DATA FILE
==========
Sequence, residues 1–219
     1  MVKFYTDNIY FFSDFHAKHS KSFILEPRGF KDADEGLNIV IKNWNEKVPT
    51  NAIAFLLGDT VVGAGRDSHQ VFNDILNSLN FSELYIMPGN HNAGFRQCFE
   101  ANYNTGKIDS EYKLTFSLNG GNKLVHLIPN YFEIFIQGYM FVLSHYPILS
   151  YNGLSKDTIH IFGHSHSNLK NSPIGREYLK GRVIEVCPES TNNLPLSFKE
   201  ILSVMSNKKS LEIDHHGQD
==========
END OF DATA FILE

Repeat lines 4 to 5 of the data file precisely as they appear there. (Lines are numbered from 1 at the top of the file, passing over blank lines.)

   101  ANYNTGKIDS EYKLTFSLNG GNKLVHLIPN YFEIFIQGYM FVLSHYPILS
   151  YNGLSKDTIH IFGHSHSNLK NSPIGREYLK GRVIEVCPES TNNLPLSFKE